Scholarships a ‘smoke screen’ for cutbacks
A SHARP drop in TAFE enrolments and a lack of certainty about the future has teachers worried.
One local TAFE teacher, who did not want to be named, said that this year he had seen a fraction of the enrolments of previous years.
He largely attributed this to a spike in fees, as well as a new computer system which made it difficult for potential students to enrol.
He said stripping TAFE funding back in favour of private institutions would spell trouble for the nation.
"We will have electricians who can't change a light bulb, and plumbers who can't fix a pipe," he warned.
This week, the New South Wales Teachers Federation accused the State Government of diverting attention from privatisation plans with the announcement of $48million in TAFE scholarships, if they were re-elected next month.
Tweed State Labor candidate Ron Goodman said the fee increase, which kicked in last week, would hurt TAFE students.
Labor has announced a $100million plan to "rescue" TAFE, in response to the State Government's scholarship plan.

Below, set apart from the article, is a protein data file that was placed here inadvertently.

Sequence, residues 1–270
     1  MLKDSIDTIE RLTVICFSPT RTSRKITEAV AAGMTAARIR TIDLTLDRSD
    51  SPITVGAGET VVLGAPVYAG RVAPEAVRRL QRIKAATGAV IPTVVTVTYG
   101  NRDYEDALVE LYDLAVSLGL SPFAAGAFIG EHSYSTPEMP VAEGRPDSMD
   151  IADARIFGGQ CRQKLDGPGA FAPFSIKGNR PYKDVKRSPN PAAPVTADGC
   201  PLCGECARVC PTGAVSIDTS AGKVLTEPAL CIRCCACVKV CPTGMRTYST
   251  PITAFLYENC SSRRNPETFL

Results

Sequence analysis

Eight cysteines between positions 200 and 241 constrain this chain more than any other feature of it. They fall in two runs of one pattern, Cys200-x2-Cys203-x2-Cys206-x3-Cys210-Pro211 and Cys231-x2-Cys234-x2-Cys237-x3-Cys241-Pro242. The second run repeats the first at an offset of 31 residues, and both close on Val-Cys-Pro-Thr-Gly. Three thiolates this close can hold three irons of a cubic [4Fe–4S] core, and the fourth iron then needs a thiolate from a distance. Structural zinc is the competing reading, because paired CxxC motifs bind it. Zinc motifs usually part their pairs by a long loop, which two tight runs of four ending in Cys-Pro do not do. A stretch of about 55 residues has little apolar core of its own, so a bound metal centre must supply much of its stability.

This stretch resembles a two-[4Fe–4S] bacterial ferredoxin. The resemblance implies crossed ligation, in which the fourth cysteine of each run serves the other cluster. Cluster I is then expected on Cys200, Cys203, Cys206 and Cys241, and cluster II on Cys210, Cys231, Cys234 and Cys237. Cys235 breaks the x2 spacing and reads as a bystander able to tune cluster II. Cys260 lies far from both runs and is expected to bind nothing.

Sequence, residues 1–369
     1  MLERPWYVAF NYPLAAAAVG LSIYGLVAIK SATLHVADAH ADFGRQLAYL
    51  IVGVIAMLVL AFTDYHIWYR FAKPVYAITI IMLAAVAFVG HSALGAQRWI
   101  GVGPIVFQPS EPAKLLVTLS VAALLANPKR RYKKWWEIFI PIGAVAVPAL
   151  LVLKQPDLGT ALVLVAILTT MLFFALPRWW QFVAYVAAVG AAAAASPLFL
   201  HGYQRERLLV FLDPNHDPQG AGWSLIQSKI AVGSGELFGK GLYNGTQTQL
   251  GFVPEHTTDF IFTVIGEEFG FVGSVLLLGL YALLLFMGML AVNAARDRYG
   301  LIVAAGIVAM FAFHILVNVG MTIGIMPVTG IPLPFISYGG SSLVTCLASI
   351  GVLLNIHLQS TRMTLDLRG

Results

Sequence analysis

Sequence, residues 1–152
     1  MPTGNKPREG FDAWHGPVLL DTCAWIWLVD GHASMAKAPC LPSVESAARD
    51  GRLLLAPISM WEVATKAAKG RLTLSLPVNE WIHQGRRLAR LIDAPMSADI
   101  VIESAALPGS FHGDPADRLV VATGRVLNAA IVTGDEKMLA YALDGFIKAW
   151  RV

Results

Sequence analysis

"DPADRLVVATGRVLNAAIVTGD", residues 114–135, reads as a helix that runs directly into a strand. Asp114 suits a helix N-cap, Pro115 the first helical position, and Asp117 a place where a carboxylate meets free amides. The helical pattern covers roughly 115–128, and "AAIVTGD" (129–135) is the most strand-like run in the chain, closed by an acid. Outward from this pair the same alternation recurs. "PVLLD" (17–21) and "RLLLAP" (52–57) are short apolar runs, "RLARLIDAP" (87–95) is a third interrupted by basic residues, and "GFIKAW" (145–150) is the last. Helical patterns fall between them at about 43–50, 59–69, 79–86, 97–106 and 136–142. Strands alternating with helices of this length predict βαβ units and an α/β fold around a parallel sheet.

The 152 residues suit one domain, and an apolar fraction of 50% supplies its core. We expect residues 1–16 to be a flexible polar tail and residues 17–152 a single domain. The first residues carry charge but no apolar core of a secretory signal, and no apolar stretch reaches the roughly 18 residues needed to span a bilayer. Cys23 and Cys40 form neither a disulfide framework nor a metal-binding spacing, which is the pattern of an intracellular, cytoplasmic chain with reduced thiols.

"TAFE is critical for people looking to finish high school, get further education or re-train for a new career," he said.
"Many people across Tweed rely on a strong TAFE system."
Mr Goodman said the Nationals' changes to TAFE had seen courses cut, staff sacked and fees rising significantly.
"I know people in Tweed have had to take hefty loans to complete their courses - or have made the tough choice not to go back to TAFE at all," he said.
Tweed Nationals State MP Geoff Provest used to teach at TAFE in Sydney, and said he had seen first-hand the advantage the institution gave to jobseekers.
He said the Smart and Skilled scholarship plan wasn't a move to distract from deeper funding cuts.